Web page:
What monitor should I get for broadcasting or podcasting?
The bigger, the better! Productivity hackers swear by 21-27’’ monitors.
If you’re an American by Heart and abide by the motto Bigger is better….
… you can get away with using an ultra-wide 32-inch monitor.
Many professional studio setups even favor the two monitor configuration.
Yeah, two may be better than one.
See, the first monitor can host the main view, where you cue tracks and build playlists.
The second monitor can host the cart-wall. If it’s touch-equipped, you may trigger your favorite sound effects with a touch. Or even browse the web on the second screen and find interesting things to say during your breaks!
“I don’t have money for a second monitor.”
If you only have a 14-inch 15-inch laptop screen, it’s perfectly okay and may support 2 windows side-by-side. But a larger screen is well worth the investment, as a 24-inch monitor can support 4 windows side-by-side.
It even gets better…
Modern broadcasting software like SAM Broadcaster, PlayOutONE, and ProppFrexx have skinnable user interfaces with support for multi-monitor configurations.
Do I need a sound card for my broadcasting computer?
Yes and no...let’s explain.
See, the computer’s motherboard is audio-equipped. That’s why you get an audio port for your external headset.
But, computer manufacturers will not select the best sound cards for mass-produced units. The engineers focus attention on the actual performance of the PC.
Laptops particularly have this issue. Nowadays, it’s standard to have laptops with a single 3.5mm audio port for input and output. Quite limiting? Yes.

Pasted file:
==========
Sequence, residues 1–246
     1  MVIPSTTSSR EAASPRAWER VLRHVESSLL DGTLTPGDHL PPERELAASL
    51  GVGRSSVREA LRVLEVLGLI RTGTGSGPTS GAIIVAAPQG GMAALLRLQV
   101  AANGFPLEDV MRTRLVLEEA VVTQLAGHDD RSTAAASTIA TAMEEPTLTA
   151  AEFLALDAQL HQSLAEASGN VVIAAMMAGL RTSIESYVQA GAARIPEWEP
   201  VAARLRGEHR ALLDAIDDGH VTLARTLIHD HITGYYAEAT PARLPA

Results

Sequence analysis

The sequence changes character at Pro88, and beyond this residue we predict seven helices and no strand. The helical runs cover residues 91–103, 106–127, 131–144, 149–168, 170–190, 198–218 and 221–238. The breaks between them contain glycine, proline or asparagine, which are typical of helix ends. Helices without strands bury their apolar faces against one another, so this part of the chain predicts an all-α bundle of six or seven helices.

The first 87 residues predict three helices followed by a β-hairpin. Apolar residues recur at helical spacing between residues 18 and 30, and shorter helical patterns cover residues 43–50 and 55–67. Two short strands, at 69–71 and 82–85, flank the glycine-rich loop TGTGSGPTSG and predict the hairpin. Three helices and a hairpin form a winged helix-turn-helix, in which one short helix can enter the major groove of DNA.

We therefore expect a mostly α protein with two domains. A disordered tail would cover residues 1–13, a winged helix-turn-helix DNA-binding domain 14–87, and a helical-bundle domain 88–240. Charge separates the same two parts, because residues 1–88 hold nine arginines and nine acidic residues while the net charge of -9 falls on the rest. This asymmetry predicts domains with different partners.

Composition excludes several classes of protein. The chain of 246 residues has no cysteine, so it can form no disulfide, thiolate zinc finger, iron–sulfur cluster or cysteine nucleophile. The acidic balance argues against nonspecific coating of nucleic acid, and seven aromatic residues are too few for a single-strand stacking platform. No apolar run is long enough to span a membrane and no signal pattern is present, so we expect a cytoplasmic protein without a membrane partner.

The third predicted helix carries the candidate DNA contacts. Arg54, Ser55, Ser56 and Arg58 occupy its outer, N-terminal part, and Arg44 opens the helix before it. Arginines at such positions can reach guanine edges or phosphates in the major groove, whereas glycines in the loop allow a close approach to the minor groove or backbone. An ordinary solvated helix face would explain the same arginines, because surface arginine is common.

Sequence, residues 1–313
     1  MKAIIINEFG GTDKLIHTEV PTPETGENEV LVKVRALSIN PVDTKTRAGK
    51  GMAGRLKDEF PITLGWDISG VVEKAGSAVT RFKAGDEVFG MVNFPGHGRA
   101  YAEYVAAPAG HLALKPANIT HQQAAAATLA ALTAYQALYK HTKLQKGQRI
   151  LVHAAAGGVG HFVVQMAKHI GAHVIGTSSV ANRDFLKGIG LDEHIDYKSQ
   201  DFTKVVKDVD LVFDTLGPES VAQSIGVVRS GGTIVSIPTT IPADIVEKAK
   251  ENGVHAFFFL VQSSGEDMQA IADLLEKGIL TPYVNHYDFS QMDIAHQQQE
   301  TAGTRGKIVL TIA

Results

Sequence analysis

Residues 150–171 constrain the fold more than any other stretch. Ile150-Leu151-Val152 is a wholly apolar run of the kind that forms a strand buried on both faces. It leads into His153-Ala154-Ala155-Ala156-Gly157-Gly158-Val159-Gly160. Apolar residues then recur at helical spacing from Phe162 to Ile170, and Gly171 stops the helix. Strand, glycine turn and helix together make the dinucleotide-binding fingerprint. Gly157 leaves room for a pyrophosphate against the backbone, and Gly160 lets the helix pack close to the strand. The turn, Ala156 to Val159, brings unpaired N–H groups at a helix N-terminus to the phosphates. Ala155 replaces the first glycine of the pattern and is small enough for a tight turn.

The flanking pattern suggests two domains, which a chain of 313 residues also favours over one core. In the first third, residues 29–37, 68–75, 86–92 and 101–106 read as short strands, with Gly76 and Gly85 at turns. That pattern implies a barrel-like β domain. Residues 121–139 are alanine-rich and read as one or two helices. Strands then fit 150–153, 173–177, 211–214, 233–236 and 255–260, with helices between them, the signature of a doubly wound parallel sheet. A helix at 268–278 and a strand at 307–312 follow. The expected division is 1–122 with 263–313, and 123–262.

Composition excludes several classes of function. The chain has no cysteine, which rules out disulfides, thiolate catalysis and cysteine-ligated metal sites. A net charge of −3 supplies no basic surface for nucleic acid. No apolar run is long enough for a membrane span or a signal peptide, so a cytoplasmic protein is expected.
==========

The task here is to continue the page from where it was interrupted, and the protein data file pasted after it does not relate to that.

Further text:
Aftermarket sound cards guarantee better audio quality and add more inputs and outputs. You get professional features like a very low signal-to-noise ratio for purer sound or 3D surround effect.
But don’t rush and spend money on a $100 audio card. Why? Consider all the options. You can choose between:
● Internal sound cards - Directly plugged into the motherboard through the PCIe slot.
● USB external sound card - They are portable.
Creative Sound Blaster
● Digital audio interfaces - Technically, they are similar to sound cards, but an audio interface has more features.
For instance, the best-selling audio interface, the Focusrite Scarlett, has more useful features for broadcasters and podcasters, such as XLR inputs, phantom power, and preamps.
Should I use a laptop or desktop for radio broadcasting?
The best advice, consider your broadcast needs.
Do you plan on broadcasting 24/7 for many weeks and months on end?
You need a workhouse, and ideally, it will be a PC that has more robust parts than laptops.
A laptop may also run for several days, as long as it doesn’t overheat.
Laptops, on the other hand, offer better portability. For instance, if you’re broadcasting most of the content from a cloud AutoDJ, a laptop may be suitable.
Well, we already know that podcasters love their laptops ;-)
Our cheat sheet for selecting the best computer for broadcasting or podcasting?